a heightened risk of injury to Plaintiff, because other offenders would be jealous of his special
exception. Defendants further suggest, if Plaintiff’s hair was long enough, he could use it as a
weapon and it could be braided to conceal dangerous contraband.
Plaintiff argues the grooming policy is underinclusive, because it does not apply to female
inmates. As mentioned previously, a policy’s underinclusiveness can raise the inference that the
interests allegedly served by that policy are not actually compelling. Ali, 822 F.3d at 785. In Ali, the
inmate argued that the grooming policy was underinclusive because the prison permitted female
inmates to have head hair that was much longer than a fist-length beard. Id. at 787. The Fifth
Circuit agreed that the policy was underinclusive but concluded that the prison provided “an
adequate explanation for its differential treatment.” Id. Namely, testimony was given at trial that
“the contraband threat posed by male inmates is qualitatively different than that of female inmates”
because female inmates smuggled more non-dangerous items, such as lipstick, whereas male inmates
smuggled more risky items, such as weapons. Id. This testimony was further supported by the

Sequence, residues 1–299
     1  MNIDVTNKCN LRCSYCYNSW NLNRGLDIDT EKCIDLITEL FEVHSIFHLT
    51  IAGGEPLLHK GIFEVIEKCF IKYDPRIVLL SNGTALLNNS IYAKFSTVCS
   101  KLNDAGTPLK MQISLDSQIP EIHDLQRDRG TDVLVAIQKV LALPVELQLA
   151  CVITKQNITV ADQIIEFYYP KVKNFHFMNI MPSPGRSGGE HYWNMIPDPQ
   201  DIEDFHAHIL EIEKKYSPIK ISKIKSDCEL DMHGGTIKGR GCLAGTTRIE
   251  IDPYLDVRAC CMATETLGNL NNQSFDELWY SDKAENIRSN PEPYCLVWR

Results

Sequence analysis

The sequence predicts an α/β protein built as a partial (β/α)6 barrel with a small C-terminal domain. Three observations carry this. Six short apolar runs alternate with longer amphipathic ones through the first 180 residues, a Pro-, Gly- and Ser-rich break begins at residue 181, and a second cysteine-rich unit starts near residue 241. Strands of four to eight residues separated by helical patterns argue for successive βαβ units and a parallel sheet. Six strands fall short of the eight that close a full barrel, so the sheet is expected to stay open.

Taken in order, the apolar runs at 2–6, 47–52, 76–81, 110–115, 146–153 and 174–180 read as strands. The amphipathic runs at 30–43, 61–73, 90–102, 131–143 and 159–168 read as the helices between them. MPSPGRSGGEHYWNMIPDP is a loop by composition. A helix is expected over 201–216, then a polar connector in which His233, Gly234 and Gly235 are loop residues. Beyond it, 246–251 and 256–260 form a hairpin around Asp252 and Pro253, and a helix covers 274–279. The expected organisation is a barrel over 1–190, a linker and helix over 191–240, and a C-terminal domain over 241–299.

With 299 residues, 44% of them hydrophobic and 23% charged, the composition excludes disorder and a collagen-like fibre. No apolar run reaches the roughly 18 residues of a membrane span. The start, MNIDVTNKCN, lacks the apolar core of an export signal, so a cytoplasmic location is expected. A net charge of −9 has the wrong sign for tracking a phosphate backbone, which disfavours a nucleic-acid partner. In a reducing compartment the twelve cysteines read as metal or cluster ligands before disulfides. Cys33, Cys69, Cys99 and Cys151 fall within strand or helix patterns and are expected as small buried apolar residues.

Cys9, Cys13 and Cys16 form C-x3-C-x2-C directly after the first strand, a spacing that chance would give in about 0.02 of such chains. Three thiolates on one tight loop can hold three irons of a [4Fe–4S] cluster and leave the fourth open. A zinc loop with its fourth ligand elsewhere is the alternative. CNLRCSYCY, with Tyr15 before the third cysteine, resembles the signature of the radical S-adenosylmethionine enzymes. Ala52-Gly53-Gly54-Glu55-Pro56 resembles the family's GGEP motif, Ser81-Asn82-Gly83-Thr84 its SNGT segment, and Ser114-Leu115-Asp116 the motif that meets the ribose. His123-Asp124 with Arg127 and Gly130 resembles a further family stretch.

district court’s finding that there were fewer correctional officers per male inmate than female
inmate, further aggravating the risk of contraband posed by male inmates. Id. Given this evidence,
the circuit court concluded that the policy’s underinclusiveness did not lead to the inference that the
policy did not serve a compelling interest because the prison had demonstrated that female inmates
simply did not implicate that interest to the degree male inmates did. Id.
Here, Defendants provide essentially the same explanation regarding the grooming policy’s
For the same reasons as those provided in Ali the grooming policy’s
underinclusiveness does not lead to the inference that the policy did not serve a compelling interest.
TDCJ clearly has “a compelling interest in staunching the flow of contraband into and within its
facilities.” Holt, 135 S. Ct. at 863.
Plaintiff also argues Defendants have not satisfied their burden of showing their policy is the